Last week, Pfizer announced its vaccine candidate looks to be 90% effective.
The four states, which include Rhode Island, Texas, New Mexico and Tennessee, were chosen for the U.S. COVID-19 Immunization Pilot Program because of their differences in size, population and immunization infrastructure.
Though the states were chosen to help refine a plan for the delivery, deployment and administration of Pfizer’s vaccine candidate, they will not receive the vaccine earlier than other states, the pharmaceutical company said.
“This pilot program and our collaboration with U.S. and state officials will help us prepare for broader vaccine deployment in the near future, subject to authorization or approval, as we work to address this urgent public health need,” Angela Hwang, Group President, Pfizer Bio Group President, Pfizer Biopharmaceuticals Group, said in a statement.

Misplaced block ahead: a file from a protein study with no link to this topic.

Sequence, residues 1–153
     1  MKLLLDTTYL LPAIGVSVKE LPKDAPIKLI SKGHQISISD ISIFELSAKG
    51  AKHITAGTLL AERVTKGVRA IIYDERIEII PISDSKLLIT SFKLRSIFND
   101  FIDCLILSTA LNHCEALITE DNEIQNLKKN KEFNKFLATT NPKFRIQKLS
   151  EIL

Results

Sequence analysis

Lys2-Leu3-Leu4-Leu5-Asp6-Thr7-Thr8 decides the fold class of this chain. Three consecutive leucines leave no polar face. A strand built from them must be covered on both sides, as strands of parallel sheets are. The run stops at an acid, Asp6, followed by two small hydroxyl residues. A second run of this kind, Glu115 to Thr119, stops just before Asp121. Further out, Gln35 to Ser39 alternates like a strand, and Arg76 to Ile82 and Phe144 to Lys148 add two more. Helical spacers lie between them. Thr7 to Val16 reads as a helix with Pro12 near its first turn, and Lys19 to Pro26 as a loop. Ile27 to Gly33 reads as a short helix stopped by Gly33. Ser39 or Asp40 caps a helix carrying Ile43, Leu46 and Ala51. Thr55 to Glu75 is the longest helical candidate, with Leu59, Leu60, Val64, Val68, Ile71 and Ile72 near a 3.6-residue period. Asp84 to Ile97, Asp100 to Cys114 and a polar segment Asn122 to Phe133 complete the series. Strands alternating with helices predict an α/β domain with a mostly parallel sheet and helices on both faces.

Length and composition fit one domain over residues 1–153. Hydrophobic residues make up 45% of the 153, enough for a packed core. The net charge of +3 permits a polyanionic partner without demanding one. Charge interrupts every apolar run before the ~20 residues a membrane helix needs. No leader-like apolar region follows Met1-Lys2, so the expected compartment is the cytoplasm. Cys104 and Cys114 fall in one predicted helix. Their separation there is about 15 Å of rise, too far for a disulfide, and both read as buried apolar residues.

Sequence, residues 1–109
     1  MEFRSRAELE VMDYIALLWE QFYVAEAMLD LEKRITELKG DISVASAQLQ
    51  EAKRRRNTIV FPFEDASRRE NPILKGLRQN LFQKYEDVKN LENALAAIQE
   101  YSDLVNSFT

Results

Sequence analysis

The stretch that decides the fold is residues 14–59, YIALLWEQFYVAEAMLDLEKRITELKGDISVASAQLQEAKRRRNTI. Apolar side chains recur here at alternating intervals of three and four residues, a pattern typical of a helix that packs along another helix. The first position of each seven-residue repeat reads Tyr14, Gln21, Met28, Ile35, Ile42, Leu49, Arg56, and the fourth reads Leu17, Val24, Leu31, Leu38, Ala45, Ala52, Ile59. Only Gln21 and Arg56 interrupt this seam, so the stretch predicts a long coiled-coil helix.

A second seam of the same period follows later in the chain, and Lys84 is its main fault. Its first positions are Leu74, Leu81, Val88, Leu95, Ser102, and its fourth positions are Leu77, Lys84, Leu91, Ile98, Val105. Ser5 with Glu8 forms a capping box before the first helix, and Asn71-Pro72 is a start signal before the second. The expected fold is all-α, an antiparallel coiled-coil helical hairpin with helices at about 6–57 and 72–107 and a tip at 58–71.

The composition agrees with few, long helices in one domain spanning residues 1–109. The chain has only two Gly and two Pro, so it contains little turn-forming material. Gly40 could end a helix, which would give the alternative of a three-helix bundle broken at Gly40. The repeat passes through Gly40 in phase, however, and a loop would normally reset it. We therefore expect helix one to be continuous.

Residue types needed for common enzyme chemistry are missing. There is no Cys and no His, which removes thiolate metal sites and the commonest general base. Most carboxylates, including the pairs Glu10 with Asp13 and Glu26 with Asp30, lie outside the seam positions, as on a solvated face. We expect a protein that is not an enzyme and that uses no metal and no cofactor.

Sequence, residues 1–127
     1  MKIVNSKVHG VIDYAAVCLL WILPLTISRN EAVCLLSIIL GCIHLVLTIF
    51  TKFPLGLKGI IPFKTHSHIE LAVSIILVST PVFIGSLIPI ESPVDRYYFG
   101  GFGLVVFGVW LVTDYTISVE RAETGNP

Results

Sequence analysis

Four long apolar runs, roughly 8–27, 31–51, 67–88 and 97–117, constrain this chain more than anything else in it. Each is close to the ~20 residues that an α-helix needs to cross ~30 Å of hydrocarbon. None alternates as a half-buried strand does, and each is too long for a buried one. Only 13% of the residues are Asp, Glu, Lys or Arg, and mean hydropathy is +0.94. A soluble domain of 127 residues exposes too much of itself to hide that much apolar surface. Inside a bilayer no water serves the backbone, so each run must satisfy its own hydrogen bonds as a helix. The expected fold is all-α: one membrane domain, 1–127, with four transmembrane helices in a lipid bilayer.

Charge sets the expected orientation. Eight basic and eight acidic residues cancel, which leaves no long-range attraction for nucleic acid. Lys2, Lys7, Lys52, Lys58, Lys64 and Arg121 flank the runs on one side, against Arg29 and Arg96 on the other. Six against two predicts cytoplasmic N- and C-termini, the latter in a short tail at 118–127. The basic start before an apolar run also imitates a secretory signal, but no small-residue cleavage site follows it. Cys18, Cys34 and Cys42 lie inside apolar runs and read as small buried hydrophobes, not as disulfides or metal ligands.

The vaccine must be stored at ultra-cold temperatures of minus 94 degrees Fahrenheit, presenting a distribution challenge.
The company said it will take what it learns in the pilot program and adapt it to other states across the country.
“We are hopeful that results from this vaccine delivery pilot will serve as the model for other U.S. states and international governments, as they prepare to implement effective COVID-19 vaccine programs,” Hwang said.
The company is on track to apply later this month for emergency-use approval from the U.S. Food and Drug Administration.
In July, Pfizer and BioNTech announced an agreement with the U.S. Department of Health and Human Services and the Department of Defense to start the delivery of 300 million vaccine doses in 2021.